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In common language and literature, the word parasite has nothing but negative connotations. It signals one who feeds off another in an exploitative and harmful way. This mindset towards parasites was reinforced once again as the title of the incredible 2019 movie from Bong Joon-ho. And what a film that was.

However, as it turns out, more than half of all documented parasitic relationships between species are actually mutually beneficial, at least if kept in the right balance. And in order to protect our ecological and food systems, we may need to start putting more serious attention towards parasite conservation.

Seems kinda wild, huh? Let’s explain.


The term itself refers to any two organisms that have a close relationship. These can be good and bad. But often that is not so black and white.

Let’s take the common hookworm. Nobody would probably raise their hand and say hey, toss a couple hookworms in me. With large numbers, hookworms can lead to intestinal disease in humans and cause anemia. However, a few hookworms is probably better than zero. This is because they can combat some autoimmune problems such as inflammatory bowel disease. The key then would be keeping them monitored and managed.


Let’s take another interesting example. The humble yellow rattle is a parasitic plant that drinks water from grass and can cause it to dry out. Doesn’t sound good right? False. Grasslands can easily take over landscapes and overwhelm other forms of wildflower. The humble rattle mitigates against this and in the wild, allows for key wildflowers to flourish amongst the grassland landscape. These wildflowers give life to insect pollinators, which then keep other vegetation strong. These pollinators give life to amphibians and birds. And so the food web goes. In this case the humble rattle is not necessarily positively symbiotic with its host directly – grass – but it is with the larger ecosystem around it.

Pangolins, a favorite animal of Animalia and the most trafficked wild animal in the world, seem to have a positive symbiotic relationship with a specific species of tick. Scientists observe more ticks in healthier pangolin population ranges, however the exact nature of the relationship has yet to be determined.


Well that’s a good question. A team of scientists who specialize in parasites have laid out a sort of 12-step plan to help conserve parasites. And it starts with data. We have no idea how many parasitic species there are in the world. They range from animals to plants to bacteria to fungi. So the first step is getting more informed and documenting more parasites and their ecosystem roles. This team has set a very ambitious goal of documenting 50% of all parasitic organisms on Earth.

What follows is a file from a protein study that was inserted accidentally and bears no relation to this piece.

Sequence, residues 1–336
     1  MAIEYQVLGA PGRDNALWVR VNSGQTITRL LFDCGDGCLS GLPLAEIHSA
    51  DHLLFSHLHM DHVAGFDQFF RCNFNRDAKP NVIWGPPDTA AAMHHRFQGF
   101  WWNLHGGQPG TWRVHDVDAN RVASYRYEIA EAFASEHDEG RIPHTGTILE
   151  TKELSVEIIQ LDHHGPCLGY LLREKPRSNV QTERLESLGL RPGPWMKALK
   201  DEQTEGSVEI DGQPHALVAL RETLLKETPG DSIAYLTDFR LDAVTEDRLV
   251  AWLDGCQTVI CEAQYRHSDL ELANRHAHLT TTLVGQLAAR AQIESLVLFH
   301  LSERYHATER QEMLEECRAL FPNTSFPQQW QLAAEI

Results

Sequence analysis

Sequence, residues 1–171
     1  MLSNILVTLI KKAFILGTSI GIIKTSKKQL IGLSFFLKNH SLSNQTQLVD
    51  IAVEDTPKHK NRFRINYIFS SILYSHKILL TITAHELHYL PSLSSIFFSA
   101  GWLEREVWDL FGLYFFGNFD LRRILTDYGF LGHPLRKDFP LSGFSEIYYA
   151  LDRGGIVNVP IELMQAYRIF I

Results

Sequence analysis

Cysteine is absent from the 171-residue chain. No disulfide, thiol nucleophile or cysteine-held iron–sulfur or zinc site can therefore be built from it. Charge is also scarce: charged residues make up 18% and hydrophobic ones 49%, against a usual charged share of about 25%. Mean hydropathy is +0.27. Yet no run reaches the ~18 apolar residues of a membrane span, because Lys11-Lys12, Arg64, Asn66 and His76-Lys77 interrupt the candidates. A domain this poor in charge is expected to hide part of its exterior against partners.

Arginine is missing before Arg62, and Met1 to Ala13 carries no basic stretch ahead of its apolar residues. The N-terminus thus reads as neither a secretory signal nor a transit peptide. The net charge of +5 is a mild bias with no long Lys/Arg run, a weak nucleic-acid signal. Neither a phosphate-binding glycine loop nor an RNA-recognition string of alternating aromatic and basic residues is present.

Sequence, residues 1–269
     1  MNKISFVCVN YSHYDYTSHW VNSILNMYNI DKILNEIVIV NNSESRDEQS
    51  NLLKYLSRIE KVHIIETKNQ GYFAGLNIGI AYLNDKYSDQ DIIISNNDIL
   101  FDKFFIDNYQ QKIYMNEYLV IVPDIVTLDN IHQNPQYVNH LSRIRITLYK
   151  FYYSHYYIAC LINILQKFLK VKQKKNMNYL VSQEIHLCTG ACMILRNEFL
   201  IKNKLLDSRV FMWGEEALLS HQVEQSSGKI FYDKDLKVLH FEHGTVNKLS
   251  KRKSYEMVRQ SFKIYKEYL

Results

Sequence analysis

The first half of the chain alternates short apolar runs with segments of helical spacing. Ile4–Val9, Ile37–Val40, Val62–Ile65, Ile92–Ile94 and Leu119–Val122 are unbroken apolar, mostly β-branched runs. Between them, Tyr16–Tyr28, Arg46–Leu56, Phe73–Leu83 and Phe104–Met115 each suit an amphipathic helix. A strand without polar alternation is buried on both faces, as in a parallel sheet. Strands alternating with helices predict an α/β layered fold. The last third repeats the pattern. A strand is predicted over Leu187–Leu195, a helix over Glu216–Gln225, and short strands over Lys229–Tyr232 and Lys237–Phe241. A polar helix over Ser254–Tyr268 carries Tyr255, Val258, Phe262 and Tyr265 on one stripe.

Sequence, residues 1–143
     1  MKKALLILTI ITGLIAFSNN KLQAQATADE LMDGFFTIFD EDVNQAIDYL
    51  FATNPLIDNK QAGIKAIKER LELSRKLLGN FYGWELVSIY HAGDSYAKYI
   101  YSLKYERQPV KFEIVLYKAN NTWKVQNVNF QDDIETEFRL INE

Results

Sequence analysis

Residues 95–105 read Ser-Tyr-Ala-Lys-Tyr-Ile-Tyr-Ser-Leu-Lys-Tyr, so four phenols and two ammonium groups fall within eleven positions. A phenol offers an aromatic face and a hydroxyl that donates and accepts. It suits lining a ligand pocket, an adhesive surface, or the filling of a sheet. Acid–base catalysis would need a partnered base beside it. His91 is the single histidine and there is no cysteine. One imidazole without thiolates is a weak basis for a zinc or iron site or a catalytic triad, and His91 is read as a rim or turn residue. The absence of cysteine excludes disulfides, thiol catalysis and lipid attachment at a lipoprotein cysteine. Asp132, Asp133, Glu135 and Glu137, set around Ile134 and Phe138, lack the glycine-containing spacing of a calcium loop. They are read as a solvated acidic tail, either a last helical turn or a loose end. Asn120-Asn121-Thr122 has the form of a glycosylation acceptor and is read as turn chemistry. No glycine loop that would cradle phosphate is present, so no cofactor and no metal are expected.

There are other things we need to do as well. Ranging from adding them to protected species lists to creating protocols for parasite management to raising awareness in the media. We’re trying to help with the latter!

As an example, when many wild animals are captured temporarily for observation or tagging, let’s say a wild panda or that adorable pangolin, historically biologists first “clean” them of any parasites such as ticks and simply discard them. However, we often don’t know necessarily if that parasite is hurting that animal and if so how. Perhaps that parasite could be providing an immune system protection needed when put through a great deal of stress from capture. We are also missing an opportunity to collect and study that parasite by just killing or discarding it.


It truly marvels us how intricate and interconnected nature is, and how much we still have to learn and figure out. Maintaining biodiversity is one of the key pillars for addressing climate change and saving this planet. That is why we provide so much coverage of species and ecosystem health here on Animalia.

There is no doubt that parasites fit into our food and ecological systems in more ways than we currently understand. And these can be negative, positive, neutral, or oscillate between the two based on other variables. Either way, as ridiculous as it might sound, we need to take steps forward in conserving these often hated freeloaders. Much like a millennial living with their parents, while at first glance it might look like another drifter mooching off the family tree, that person could actually be really taking care of their parents physically and emotionally, saving up smartly for home ownership, overcoming their own health issues, etc….the point being, there is always more than meets the eye. Especially with parasites.